Java Licensing for Education (Again)


Oracle changed the licensing terms for the “Java SE Universal Subscription”. Should you care if you teach Java? Don't panic. If your institution, perhaps out of an abundance of cluelessness, tells you to uninstall the Oracle JDK, use an OpenJDK version. That's good advice anyway. There are plenty of excellent OpenJDK distributions.

The Twitter Tempest in the Teapot

My editor sent me a link to a tweet:

OMG what did Oracle do now? (I've been happily Java-free for ages, so I can afford to just chuckle.)

— Shriram Krishnamurthi (@ShriramKMurthi) February 23, 2023

Fake news? Click bait? A chat bot run amok? Or evil corporate overlords trampling on long-suffering educational institutions? Read on.


Oracle and a perhaps surprisingly large number of other vendors make Java distributions freely available under “GPL2 with the classpath exception”, an open source license. These are collectively called OpenJDK.

For educational purposes, any of these distributions is a safe and reasonable choice.

Which vendor should you choose? My first choice is, which defaults to the long-term support “Temurin” distribution by Eclipse. I know, the Adoptium and Temurin jargon is annoying, but hopefully your students won't care.

Another perfectly reasonable choice is Zulu. See this nice installation tutorial.

There is one vendor that you may want to avoid. That is Oracle. Their OpenJDK version is the latest release, not the long term support version. Unless you are a Java enthusiast like me, who obsessively follows every change in the language and API, you probably prefer the more stable long-term support versions. Oracle also provides distributions with a no-fee license, a binary code license, or Oracle Tenchnology Network License Agreement. At this point, unless you are a licensing enthusiast, you are probably crying uncle. In that case, my advice is to stick with OpenJDK from one of the other vendors.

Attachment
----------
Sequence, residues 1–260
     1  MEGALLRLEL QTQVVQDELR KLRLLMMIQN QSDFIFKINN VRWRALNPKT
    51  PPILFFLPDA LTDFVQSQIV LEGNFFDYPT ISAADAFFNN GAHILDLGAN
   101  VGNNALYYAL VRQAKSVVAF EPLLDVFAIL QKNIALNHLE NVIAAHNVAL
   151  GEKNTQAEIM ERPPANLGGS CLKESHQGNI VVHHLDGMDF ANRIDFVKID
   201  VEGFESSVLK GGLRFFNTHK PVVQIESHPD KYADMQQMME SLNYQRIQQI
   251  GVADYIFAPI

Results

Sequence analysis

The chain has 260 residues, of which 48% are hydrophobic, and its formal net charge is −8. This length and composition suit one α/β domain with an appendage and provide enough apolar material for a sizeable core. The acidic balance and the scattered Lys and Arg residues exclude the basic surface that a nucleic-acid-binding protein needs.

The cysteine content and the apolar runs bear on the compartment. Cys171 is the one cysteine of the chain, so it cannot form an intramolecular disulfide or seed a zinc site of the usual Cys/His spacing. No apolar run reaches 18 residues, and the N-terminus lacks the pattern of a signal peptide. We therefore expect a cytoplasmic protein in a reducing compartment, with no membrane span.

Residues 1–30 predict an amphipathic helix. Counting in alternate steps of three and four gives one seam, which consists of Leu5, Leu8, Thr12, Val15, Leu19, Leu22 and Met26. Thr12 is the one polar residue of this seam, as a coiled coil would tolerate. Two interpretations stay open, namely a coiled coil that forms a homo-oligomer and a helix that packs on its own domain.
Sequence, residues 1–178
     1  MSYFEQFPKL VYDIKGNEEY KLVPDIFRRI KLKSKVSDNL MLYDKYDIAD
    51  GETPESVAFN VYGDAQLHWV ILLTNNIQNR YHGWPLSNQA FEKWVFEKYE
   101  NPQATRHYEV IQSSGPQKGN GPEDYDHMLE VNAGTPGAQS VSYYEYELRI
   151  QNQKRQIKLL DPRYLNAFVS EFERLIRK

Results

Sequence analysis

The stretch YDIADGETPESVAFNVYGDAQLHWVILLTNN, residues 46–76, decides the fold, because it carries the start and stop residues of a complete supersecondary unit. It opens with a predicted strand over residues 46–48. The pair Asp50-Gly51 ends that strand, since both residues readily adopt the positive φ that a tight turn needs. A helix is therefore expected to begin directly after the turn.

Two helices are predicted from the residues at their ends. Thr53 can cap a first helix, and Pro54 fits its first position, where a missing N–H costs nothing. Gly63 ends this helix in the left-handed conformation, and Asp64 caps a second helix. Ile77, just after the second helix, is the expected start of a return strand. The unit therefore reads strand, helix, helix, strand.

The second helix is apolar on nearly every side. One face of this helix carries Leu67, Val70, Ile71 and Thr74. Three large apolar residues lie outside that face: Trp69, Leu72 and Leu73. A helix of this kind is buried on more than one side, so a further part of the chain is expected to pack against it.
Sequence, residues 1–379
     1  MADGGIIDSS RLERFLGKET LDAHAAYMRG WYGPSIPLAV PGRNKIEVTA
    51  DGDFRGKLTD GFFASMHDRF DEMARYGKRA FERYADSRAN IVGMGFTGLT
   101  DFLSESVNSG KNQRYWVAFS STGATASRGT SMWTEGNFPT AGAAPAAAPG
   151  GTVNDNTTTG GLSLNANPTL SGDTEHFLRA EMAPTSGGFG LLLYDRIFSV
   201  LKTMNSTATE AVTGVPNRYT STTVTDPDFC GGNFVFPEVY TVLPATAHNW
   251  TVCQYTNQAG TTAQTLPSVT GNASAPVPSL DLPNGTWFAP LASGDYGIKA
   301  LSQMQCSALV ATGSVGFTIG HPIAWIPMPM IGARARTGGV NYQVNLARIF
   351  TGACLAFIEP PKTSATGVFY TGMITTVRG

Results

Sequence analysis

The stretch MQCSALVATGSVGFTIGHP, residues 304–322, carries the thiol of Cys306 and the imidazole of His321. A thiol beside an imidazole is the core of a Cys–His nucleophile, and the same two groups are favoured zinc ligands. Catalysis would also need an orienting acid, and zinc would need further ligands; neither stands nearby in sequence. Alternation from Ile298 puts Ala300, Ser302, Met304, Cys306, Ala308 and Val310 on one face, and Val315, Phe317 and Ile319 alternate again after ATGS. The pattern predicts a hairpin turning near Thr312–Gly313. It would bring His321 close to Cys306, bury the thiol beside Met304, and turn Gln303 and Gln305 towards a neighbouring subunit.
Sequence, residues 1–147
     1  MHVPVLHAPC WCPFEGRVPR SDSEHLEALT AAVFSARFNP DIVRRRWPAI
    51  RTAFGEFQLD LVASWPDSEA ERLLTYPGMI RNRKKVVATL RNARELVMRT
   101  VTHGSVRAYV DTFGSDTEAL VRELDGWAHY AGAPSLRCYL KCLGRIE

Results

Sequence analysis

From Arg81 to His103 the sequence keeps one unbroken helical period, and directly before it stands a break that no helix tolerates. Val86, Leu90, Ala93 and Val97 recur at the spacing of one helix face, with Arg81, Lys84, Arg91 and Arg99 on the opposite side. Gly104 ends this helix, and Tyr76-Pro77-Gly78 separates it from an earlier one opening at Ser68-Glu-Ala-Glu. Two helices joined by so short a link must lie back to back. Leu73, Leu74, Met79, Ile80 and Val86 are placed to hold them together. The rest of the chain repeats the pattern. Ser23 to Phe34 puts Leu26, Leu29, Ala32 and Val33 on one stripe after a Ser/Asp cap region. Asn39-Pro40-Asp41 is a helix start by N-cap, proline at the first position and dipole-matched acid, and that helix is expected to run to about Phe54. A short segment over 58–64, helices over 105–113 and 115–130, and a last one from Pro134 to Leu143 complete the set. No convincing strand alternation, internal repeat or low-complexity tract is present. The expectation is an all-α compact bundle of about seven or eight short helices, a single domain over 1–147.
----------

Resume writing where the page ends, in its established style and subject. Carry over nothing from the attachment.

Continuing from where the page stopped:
The Java SE Universal Subscription Licensing Change

Oracle spends a lot of money developing and supporting Java. All Java users benefit from that. It just might happen that Oracle does not do this solely out of the goodness of its heart. It has many customers who value security updates for older versions and access to technical support, and who are willing to pay for it. Those customers take out a license for Java that entitles them to those services.

One such license is the Oracle Java SE Universal Subscription. That license charges a fee per employee. The predecessor “Java SE Advanced” license charged per CPU. Did Oracle change the license because their customers find that it's easier to track employees than CPUs? Or because that way they earn more money? Or both? I have zero insight in this. And no opinion either. Both Oracle and its customers are sophisticated entities that can figure this out. If customers don't like the deal, they have other choices.

I can't think of any circumstance why Brown University is affected by this license change. If they have not taken out a Java SE Universal Subscription, why would they worry about its terms? And if they did, why would they want to uninstall what they paid to have supported??? Then again, I don't have the details. Or perhaps they are not a sophisticated entity that can figure this stuff out.

If this happens at your institution, relax, install an OpenJDK version, and suggest to your students to do the same.


The existence of OpenJDK with support from multiple vendors is a great strength of the Java ecosystem. Nobody needs to worry about being held hostage by anyone.

I am glad that Oracle is able to derive revenue from Java and that it is willing to expend considerable resources in moving Java forward. Clearly its customers feel that Oracle is providing value to them. After all, they could, thanks to the existence of OpenJDK, make other choices.

I realize that the Java licenses can be confusing. But licenses are everywhere. Check out the license for Racket, a language to which Dr. Krishnamurthi (the tweeter) contributed. The OpenJDK license is well-understood and generally appropriate for educational settings.

The snarky tweeter throws shade at Java, and reasonable people can disagree about the best choice of language for teaching computer science concepts. If Java doesn't work for you, why care how it is licensed?

TLDR; Don't worry about Oracle Java licenses. If Java is the right choice for your teaching goals, just send your students to or

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